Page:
Mastering Welding Performance & Safety Requirements

By: Peter Deutsch, Contributor

The performance and safety requirements in welding are becoming more stringent. All welders in industry and workshops notice this every day, due to the ever-increasing pressure to perform. How can you deal with these rising demands on the welder with confidence? It’s simple: Integrate the best technology into a welding helmet to make work easier and safer, and simply put it in the welder’s hand (on his head).

As an example, let’s take a look at two technologies that make daily work much safer, while also increasing the quality of the work.

What are the challenges of welding? Since the human eye cannot look directly into the welding light, a welding filter must be used. Today, welding filters automatically darken when welding begins (ADF = auto darkening filter). This leaves both hands free to work and gives a more or less good view of the component before welding. The brighter the filter is when the welder is not welding, the better.

In addition to darkening, the ADF has another fundamentally important function—filtering out dangerous UV and IR radiation. This filter element in every ADF is one of the most expensive components in an ADF. Therefore, a simple filter is often used that protects well, but it does not transmit all visible colors. These filters can be recognized by the fact that the welding arc and everything around it can be seen in green or orange. However, this is a significant disadvantage in welding. Welding temper colors and marks can hardly be seen, and the welding pool cannot be seen clearly.

Figure 1: The bright, clear and true-color view through a modern cassette (example optrel crystal2.0). Photo courtesy of Optrel

Solving Common Challenges

In the meantime, however, there are welding helmets with ADFs on the market that solve this specific problem. Through an elaborate manufacturing process, technology is now available that enables both an open shade level of 2 and an especially true color view of the welding process.

An example of this is CL Technology (CLT). This technology gives the welder an unprecedented bright, clear and true-color view also when the helmet is open (Figure 1). This allows the helmet to be worn throughout the work process without having to constantly flip it up and down. This saves time and prevents work interruptions due to poor visibility, while at the same time protecting the workers’ eyes from debris and other welders in the area.

In the dark state during welding, the CLT now provides an unprecedented view of the arc and the component being welded. The welder can see every subtlety in the arc and the molten metal and can finally fully control the arc. Furthermore, the welding temper colors during welding can now be seen completely, which allows ideal control of the heat input. This makes welding much easier and prevents expensive and time-consuming welding errors, such as binding errors or a heat-affect zone that is too large.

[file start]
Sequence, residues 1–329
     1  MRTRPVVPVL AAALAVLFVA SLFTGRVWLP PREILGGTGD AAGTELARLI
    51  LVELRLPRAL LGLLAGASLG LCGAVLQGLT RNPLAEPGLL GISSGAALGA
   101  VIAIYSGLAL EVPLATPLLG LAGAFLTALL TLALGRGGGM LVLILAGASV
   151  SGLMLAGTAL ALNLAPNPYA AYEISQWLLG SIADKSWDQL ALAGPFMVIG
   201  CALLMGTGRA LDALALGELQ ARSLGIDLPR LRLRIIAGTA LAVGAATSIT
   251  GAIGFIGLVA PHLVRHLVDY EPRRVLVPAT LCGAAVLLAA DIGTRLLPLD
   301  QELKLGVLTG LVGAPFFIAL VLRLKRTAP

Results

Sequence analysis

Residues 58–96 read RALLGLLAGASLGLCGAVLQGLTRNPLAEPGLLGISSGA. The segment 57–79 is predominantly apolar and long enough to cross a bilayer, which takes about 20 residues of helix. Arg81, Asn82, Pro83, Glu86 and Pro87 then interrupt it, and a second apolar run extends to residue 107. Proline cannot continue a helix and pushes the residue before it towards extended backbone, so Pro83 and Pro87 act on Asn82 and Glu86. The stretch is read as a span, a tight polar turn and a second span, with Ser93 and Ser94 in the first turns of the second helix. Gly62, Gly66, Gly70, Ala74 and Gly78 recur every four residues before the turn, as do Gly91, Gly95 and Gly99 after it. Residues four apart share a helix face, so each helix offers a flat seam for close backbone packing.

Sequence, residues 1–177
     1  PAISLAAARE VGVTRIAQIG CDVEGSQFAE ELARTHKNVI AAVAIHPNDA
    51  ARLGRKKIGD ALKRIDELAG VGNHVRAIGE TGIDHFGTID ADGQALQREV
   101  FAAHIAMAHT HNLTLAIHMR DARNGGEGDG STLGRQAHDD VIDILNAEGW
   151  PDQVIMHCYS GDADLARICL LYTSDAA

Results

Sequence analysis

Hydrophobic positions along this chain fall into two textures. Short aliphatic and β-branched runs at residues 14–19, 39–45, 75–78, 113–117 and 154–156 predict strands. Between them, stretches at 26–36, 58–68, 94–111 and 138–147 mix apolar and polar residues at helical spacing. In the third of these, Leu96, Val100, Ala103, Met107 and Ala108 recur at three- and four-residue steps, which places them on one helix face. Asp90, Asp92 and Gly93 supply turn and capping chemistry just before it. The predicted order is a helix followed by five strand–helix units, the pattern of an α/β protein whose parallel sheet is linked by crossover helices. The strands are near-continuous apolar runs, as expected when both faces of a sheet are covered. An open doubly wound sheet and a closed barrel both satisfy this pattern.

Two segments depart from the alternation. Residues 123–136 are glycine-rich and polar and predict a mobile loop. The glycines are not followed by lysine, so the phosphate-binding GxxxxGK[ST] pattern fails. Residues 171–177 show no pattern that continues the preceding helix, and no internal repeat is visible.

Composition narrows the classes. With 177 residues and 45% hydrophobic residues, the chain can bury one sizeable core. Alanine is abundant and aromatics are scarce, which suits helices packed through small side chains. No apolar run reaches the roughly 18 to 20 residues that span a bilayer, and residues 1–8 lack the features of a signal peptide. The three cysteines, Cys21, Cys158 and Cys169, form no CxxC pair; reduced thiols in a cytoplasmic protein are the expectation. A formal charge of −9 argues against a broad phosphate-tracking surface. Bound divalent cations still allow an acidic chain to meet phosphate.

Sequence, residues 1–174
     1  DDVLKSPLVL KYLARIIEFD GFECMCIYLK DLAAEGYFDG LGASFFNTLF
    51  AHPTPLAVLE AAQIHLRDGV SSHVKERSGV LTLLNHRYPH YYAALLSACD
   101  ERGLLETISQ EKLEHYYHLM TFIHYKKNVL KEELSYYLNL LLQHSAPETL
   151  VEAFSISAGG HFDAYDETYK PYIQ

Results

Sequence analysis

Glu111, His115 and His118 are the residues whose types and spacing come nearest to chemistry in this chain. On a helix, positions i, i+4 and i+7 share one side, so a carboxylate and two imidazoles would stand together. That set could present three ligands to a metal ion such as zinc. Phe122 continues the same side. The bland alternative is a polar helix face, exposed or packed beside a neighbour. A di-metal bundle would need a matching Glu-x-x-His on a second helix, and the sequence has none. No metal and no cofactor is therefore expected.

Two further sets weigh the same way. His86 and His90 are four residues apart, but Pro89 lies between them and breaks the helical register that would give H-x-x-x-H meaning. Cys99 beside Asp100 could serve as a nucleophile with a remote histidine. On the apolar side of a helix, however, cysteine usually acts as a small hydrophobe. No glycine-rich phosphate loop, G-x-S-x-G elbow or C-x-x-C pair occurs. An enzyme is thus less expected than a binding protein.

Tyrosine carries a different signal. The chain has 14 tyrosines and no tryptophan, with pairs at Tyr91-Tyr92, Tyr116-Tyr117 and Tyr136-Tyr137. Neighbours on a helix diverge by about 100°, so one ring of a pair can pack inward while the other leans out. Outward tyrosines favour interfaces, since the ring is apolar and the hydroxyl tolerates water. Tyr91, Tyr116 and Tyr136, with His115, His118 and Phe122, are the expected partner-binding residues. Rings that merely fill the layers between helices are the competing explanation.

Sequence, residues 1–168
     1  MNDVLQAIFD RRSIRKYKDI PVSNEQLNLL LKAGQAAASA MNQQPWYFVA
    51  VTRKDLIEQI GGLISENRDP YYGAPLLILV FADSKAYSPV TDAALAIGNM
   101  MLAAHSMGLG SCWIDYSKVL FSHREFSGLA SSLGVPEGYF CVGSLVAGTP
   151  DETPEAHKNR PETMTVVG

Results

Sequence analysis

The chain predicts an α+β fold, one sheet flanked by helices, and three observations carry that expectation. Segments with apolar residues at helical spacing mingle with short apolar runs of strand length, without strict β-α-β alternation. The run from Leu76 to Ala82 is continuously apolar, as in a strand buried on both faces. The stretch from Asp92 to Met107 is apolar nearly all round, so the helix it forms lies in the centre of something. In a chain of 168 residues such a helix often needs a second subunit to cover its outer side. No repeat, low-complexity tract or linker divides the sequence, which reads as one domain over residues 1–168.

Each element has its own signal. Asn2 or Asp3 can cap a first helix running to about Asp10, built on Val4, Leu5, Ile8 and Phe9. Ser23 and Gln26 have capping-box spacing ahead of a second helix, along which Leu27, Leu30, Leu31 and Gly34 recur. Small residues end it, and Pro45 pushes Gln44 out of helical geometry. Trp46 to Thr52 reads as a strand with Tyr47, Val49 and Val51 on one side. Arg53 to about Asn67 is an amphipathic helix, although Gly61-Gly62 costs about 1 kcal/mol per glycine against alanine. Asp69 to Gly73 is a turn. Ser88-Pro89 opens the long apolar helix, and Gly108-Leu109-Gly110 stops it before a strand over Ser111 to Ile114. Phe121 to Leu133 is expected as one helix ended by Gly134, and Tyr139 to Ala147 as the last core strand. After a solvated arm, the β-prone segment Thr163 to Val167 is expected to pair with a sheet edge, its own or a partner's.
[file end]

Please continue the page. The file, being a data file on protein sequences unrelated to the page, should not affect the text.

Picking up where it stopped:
Figure 2: Continuous adjustment of the darkening with the optrel ShadeTronic®. Photo courtesy of Optrel

Other Challenges Welders Face

With modern welding power sources, the welder can adapt his arc (welding current) to the component during welding. For example, with a foot pedal or a torch switch in TIG welding, the welding power can be continuously increased or decreased, according to the requirements. However, this also means that the brightness of the arc increases or decreases accordingly. This is exactly where the welder with an ordinary automatic helmet has a problem. The shade level is then no longer appropriate for the amperage being used.

Crafty engineers have also found a perfect solution to this problem: An ADF that also automatically adjusts to the brightness of the arc. With this technology, an automatic helmet now becomes a fully automatic helmet. The “automatic” of ordinary welding helmets refers, as already mentioned, only to the darkening of the ADF.

Automatic shade level adjustment, however, goes one decisive step further: The shade level of the ADF adapts fully automatically to the brightness of the arc. This means the welder always has the correct protection level setting and always has a perfect view of the arc, thus preventing eye fatigue and eye strain, which can often lead to headaches while welding at the incorrect shade level. This also works when the welding power is changed during welding, e.g., when changing from main current to secondary current. Here, the darkening level automatically and continuously follows the brightness of the arc (Fig. 2).

Previously, the welder only had the choice between, for example, “too bright with secondary current” or “too dark with main current.” This not only made the eyes very tired, but also preprogrammed welding errors due to the lack of visibility. With this technology, this shortcoming of ordinary welding helmets is finally eliminated. And, since every welder has an individual perception of brightness, the brightness can also be adjusted by +/-2 protection levels.

As these two examples of technical progress show, a small investment in an innovative welding helmet can make work considerably easier and safer. By avoiding errors and increasing productivity—at the same time relieving the welder—the investment pays for itself in a very short time.

[Editors note: This article first appeared in Workplace Material Handling & Safety. See]

Peter Deutsch is a welding engineer (IWE) and head of Product Management for Optrel, a leading global supplier of face and head protection products, breathing protection solutions and active sunglasses (

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